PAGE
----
• John Lanahan, reported in Josiah Hotchkiss Gilbert, Dictionary of Burning Words of Brilliant Writers (1895), p. 611
  • The more we get to know about our universe ... the more the hypothesis that there is a Creator God, who designed the universe for a purpose, gains in credibility as the best explanation of why we are here.
    • John Lennox, cited in Awake! magazine, 2010, 11/10, article: Has Science Done Away With God?
  • I addressed no one. I addressed the universe. I addressed a void.

P-ZEdit

  • The evidence that has accumulated since the 1930s is that the mass of the Universe is dominated by an exotic nonbaryonic form of matter largely draped around the galaxies. This dark matter approximates an initially low-pressure gas of particles that interact only with gravity, but we know little more than that. Searches for detection thus must follow many difficult paths to a great discovery: what the Universe is made of.
  • The universe is full of magical things patiently waiting for our wits to grow sharper.
  • It was a glaring omission, a sign of cosmic sloppiness. Not even that, Vasko corrected himself. It was a sign of cosmic obliviousness. The universe didn’t know what was happening here. It didn’t know and it didn’t care. It didn’t even know that it didn’t know.
  • The space of our universe is the hypersurface of a vast expanding hypersphere.
  • The Universe is made of stories, not of atoms.
    • Muriel Rukeyser, in "The Speed of Darkness" in The Speed of Darkness (1968); sometimes misquoted as "The Universe is made of stories not atoms."
  • The universe was made on purpose, the circle said. In whatever galaxy you happen to find yourself, you take the circumference of a circle, divide it by its diameter, measure closely enough, and uncover a miracle — another circle, drawn kilometers downstream of the decimal point. There would be richer messages farther in. It doesn't matter what you look like, or what you're made of, or where you come from. As long as you live in this universe, and have a modest talent for mathematics, sooner or later you'll find it. It's already here. It's inside everything. You don't have to leave your planet to find it. In the fabric of space and in the nature of matter, as in a great work of art, there is, written small, the artist’s signature. Standing over humans, gods, and demons, subsuming Caretakers and Tunnel builders, there is an intelligence that antedates the universe.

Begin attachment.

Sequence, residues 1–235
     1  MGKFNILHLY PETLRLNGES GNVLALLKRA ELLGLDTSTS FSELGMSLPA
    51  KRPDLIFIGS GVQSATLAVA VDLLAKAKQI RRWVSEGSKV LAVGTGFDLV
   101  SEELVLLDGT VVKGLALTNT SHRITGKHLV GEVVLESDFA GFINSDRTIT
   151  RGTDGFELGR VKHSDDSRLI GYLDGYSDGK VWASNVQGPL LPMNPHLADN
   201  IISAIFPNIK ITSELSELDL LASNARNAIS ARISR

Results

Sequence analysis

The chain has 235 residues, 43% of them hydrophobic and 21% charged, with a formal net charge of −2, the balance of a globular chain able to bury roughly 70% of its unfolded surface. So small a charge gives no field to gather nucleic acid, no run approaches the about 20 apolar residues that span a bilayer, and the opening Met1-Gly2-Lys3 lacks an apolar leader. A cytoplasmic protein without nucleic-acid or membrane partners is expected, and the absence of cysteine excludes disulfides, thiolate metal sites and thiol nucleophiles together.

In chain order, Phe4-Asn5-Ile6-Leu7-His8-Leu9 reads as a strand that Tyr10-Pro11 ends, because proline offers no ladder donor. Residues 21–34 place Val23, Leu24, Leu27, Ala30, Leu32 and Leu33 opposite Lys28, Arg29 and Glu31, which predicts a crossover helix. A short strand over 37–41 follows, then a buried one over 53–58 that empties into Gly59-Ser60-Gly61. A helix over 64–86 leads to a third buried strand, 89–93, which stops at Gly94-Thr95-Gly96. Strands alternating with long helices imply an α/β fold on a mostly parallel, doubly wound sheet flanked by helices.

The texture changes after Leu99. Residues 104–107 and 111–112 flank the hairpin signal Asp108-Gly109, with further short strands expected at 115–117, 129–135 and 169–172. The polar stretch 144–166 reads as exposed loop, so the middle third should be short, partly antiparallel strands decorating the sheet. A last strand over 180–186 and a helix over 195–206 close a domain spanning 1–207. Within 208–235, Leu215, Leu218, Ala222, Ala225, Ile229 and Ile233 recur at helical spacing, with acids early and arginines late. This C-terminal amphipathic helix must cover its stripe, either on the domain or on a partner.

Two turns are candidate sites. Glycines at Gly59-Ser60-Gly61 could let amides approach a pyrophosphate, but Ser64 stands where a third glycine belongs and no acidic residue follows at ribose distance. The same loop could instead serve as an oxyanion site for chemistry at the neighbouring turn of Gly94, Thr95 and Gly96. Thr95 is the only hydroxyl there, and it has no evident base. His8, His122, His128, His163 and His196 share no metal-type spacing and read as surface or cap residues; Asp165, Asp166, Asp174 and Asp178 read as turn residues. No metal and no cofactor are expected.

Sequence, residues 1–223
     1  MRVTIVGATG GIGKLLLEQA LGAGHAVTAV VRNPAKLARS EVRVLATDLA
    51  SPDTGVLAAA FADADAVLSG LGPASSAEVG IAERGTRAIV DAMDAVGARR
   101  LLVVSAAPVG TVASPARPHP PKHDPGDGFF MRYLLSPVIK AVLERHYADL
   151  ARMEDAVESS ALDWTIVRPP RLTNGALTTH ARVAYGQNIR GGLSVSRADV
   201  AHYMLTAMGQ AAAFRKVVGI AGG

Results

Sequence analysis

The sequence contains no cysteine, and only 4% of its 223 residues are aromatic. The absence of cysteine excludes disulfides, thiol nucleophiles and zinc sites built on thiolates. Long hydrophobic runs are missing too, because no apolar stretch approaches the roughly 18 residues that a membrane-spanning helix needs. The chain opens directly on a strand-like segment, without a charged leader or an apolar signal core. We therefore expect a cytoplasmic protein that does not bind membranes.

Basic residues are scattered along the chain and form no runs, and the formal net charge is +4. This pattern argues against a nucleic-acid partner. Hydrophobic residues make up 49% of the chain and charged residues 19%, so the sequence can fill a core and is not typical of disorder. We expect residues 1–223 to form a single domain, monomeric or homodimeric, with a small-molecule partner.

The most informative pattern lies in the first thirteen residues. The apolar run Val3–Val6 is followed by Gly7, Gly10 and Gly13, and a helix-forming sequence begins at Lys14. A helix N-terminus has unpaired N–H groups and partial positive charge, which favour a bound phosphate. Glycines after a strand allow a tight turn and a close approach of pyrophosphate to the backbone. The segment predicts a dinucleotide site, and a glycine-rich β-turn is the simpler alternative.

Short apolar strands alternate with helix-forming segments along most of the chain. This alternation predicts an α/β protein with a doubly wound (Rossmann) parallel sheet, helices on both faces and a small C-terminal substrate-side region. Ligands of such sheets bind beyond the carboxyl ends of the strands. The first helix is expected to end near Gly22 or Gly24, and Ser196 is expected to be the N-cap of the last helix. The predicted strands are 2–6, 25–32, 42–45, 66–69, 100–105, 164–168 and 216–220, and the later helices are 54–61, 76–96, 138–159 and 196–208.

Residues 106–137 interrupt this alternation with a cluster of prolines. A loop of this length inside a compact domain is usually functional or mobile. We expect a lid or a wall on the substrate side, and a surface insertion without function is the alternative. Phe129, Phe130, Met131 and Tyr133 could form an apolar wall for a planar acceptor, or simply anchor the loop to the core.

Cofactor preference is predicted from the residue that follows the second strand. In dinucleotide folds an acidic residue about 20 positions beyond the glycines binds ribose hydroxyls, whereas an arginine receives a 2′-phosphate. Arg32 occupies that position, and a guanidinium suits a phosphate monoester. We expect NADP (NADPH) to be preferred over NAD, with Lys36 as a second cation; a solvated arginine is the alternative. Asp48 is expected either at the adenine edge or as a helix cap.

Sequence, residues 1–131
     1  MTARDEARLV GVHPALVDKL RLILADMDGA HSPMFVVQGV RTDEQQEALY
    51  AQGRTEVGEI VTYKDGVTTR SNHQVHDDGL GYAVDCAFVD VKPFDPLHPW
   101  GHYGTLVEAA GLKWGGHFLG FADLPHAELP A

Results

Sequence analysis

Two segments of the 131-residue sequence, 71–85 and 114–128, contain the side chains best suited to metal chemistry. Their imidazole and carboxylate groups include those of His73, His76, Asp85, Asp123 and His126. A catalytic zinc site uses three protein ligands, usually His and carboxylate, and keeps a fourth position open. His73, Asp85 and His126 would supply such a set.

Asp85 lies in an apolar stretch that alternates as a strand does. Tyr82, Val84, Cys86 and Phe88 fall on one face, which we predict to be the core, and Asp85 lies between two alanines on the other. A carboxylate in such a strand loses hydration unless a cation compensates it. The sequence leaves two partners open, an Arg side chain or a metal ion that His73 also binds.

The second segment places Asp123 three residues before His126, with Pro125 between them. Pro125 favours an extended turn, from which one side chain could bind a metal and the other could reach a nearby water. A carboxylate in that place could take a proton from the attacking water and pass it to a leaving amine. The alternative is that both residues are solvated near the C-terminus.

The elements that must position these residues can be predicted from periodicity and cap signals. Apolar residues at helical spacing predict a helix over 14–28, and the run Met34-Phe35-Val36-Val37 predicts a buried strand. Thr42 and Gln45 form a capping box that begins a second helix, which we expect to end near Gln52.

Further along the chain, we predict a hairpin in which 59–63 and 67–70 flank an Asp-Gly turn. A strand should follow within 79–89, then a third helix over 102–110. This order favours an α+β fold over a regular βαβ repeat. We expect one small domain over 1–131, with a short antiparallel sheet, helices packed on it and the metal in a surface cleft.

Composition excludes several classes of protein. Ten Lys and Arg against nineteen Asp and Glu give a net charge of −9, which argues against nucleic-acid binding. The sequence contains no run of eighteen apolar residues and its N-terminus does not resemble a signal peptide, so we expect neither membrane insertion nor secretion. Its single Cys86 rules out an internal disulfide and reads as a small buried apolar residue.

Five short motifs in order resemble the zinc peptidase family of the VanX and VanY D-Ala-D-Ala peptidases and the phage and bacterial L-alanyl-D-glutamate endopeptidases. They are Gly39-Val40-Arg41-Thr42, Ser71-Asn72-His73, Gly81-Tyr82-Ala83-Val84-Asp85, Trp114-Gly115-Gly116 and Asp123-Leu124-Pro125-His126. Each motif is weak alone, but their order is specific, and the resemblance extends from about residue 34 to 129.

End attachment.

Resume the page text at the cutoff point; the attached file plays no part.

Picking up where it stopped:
• The universe is God’s son.
    • Dejan Stojanovic, in The Sun Watches the Sun (1999) “God’s Son” (Sequence: “Is It Possible to Write a Poem”)
  • I cannot imagine how the clockwork of the universe can exist without a clockmaker.
    • Voltaire, as quoted in More Random Walks in Science: An Anthology (1982) by Robert L. Weber, p. 65
    • Variants:
    • The universe confounds me! I cannot imagine that such a ‘clock’ can exist without there being a Clockmaker.
  • The matter which we suppose to be the main constituent of the universe is built out of small self-contained building-blocks, the chemical atoms. It cannot be repeated too often that the word "atom" is nowadays detached from any of the old philosophical speculations: we know precisely that the atoms with which we are dealing are in no sense the simplest conceivable components of the universe. On the contrary, a number of phenomena, especially in the area of spectroscopy, lead to the conclusion that atoms are very complicated structures. So far as modern science is concerned, we have to abandon completely the idea that by going into the realm of the small we shall reach the ultimate foundations of the universe. I believe we can abandon this idea without any regret. The universe is infinite in all directions, not only above us in the large but also below us in the small. If we start from our human scale of existence and explore the content of the universe further and further, we finally arrive, both in the large and in the small, at misty distances where first our senses and then even our concepts fail us.

See alsoEdit

External linksEdit